Walter Fasano’s Bertolucci on Bertolucci.
Ethan Hawke‘s Seymour.
Alan Hicks’s Keep On Keepin’ On.
Felix Moeller’s Forbidden Films.
André Singer’s Night Will Fall.
Peter von Bagh’s Socialism.
Chuck Workman’s Magician.
Here in Keyframe, Jeffrey Ruoff talks with Bill and Stella Prince, now Telluride Directors Emeriti, about the origins of the festival. Bill Pence and our own Jonathan Marlow have curated the short film programs.
SHOWCASE FOR SHORTS
Tarik Abdel-Oawad’s Box.
Ramin Bahrani’s Lift You Up.
Frédéric Doazan’s Supervenus.
Tomek Ducki’s Laznia.
François Jaros’s Toutes des Connes.
James Ford Murphy’s Lava.
Patrick Osborne’s Feast.
Hugo Ramirez and Olivier Patté’s Invasion.
Matthew Saville’s A Writer and Three Script Editors Walk into a Bar.
Harold Shaw’s The Land Beyond the Sunset.
Becky Sloan and Joseph Pelling’s Don’t Hug Me I’m Scared II: Time.
Clément Tréhin-Lalanne’s Aïssa.
Elli Vuorinen’s Sock Skewer Street.
Brett Weiner’s Verbatim.
FILMMAKERS OF TOMORROW: STUDENT PRINTS
David Adler’s No Man’s Land.
Einar Baltin’s The Pride of Strathmoor.
Mark Columbus’s Guests.
Reinaldo Marcus Green’s Stone Cars.
Kevin McMullin’s First Prize.
Lennart Ruff’s Nocebo.
FILMMAKERS OF TOMORROW: CALLING CARDS
Réka Bucsi’s Symphony No.42.
Josh Gibson‘s Theoretical Architectures.
Jonn Herschend‘s Discussion Questions.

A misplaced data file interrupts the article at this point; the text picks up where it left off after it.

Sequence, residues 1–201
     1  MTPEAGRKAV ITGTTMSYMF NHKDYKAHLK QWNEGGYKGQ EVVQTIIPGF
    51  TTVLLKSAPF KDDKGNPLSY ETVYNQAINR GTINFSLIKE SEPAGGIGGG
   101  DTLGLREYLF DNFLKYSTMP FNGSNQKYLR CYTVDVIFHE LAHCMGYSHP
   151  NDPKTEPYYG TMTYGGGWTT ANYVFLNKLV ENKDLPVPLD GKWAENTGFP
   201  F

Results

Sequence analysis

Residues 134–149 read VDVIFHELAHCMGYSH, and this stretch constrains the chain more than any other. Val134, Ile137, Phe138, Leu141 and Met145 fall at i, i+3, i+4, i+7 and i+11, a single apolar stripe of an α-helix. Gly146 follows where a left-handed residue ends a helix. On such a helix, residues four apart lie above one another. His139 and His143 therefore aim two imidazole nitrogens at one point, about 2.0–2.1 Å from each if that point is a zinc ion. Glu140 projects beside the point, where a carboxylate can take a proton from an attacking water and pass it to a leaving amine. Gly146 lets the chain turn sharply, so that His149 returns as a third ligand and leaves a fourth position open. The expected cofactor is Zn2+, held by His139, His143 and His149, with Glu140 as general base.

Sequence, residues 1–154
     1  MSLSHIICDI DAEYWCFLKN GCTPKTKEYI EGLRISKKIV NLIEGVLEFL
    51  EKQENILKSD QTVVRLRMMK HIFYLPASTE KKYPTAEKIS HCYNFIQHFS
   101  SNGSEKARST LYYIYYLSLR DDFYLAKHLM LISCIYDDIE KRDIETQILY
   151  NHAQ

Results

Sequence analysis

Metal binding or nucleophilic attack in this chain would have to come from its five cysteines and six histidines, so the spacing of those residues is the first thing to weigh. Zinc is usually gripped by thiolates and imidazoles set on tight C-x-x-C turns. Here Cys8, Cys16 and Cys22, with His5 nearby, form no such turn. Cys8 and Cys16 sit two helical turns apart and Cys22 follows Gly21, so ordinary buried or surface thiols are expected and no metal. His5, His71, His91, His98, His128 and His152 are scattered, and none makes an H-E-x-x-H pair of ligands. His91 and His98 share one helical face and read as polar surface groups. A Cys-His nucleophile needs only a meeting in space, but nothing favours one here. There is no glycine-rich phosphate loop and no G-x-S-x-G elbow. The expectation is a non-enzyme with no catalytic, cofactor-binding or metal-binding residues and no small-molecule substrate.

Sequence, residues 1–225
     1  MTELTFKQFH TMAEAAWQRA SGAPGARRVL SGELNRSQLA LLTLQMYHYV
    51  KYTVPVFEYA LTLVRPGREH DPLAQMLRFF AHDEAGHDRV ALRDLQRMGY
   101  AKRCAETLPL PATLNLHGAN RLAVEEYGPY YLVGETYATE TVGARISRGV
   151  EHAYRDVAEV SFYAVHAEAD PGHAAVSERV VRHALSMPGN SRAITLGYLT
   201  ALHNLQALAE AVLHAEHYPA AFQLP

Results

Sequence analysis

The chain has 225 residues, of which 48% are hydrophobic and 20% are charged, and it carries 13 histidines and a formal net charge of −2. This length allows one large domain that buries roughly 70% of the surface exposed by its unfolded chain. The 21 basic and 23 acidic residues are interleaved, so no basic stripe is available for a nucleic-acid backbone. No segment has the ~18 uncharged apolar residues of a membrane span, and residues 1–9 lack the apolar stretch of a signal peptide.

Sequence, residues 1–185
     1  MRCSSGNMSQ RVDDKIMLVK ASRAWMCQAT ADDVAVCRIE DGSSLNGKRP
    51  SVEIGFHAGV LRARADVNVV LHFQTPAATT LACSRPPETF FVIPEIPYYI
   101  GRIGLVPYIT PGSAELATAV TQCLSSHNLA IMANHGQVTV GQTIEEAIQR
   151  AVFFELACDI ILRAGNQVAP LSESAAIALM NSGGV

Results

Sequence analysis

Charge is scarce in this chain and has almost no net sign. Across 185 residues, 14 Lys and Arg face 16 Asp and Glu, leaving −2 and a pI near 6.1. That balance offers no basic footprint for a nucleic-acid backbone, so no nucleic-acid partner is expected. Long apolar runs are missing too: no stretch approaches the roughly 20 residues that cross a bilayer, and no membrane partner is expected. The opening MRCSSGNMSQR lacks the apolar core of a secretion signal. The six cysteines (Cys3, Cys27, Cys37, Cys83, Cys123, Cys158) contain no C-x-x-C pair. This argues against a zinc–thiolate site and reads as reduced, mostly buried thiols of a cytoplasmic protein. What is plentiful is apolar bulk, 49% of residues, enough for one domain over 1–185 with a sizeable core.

Konstantina Kotzamani’s Washintonia.
Matthias Müller and Christoph Girardet’s Cut.
Jerzy Rose‘s En Plein Air.
Jason Wishnow’s The Sand Storm.
Hallvar Witzø’s Yes We Love.
FILMMAKERS OF TOMORROW: GREAT EXPECTATIONS
Jonathan Romney’s The Absence.
Matthew Saville’s Dive.
Dominga Sotomayor and Katarzyna Klimkiewicz’s La Isla.
Lendita Zeqiraj’s Balcony.
Update, 8/29: Gary Meyer looks back: “Labor Day, 1975. I had heard so much about this unique little festival in the San Juan Mountains of Colorado after their first year that it seemed I could not miss it…. In 1998 brought the most wonderful surprise imaginable when I was asked to join the festival’s directors Tom Luddy, Bill and Stella Pence to program the 25th Anniversary Festival and I have been at it ever since.”
Updates, 8/30: Telluride has added Andrea Di Stefano’s Escobar: Paradise Lost and Errol Morris‘s project, The Clarity of Peace, to Saturday’s schedule, reports Variety‘s Dave McNary.
Updates, 9/2: As David Bloom reports for Deadline, Jason Wishnow’s The Sand Storm, “the third Fandor short film acquisition to premiere on the site the same day it appears at a festival,” hit a severe snag when one of its stars, none other than Ai Weiwei, objected to the Kickstarter campaign that raised the funds necessary to complete the sci-fi story “about four people in China dealing with a water shortage in the near future.” Wishnow’s chalked up Ai’s objections to a misunderstanding, and eventually, Ai did indeed relent.
Jeff Stafford‘s posted a lengthy tribute to the eighth edition of Telluride, which he attended in 1981.
And Todd McCarthy‘s interviewed Morgan and Maddin.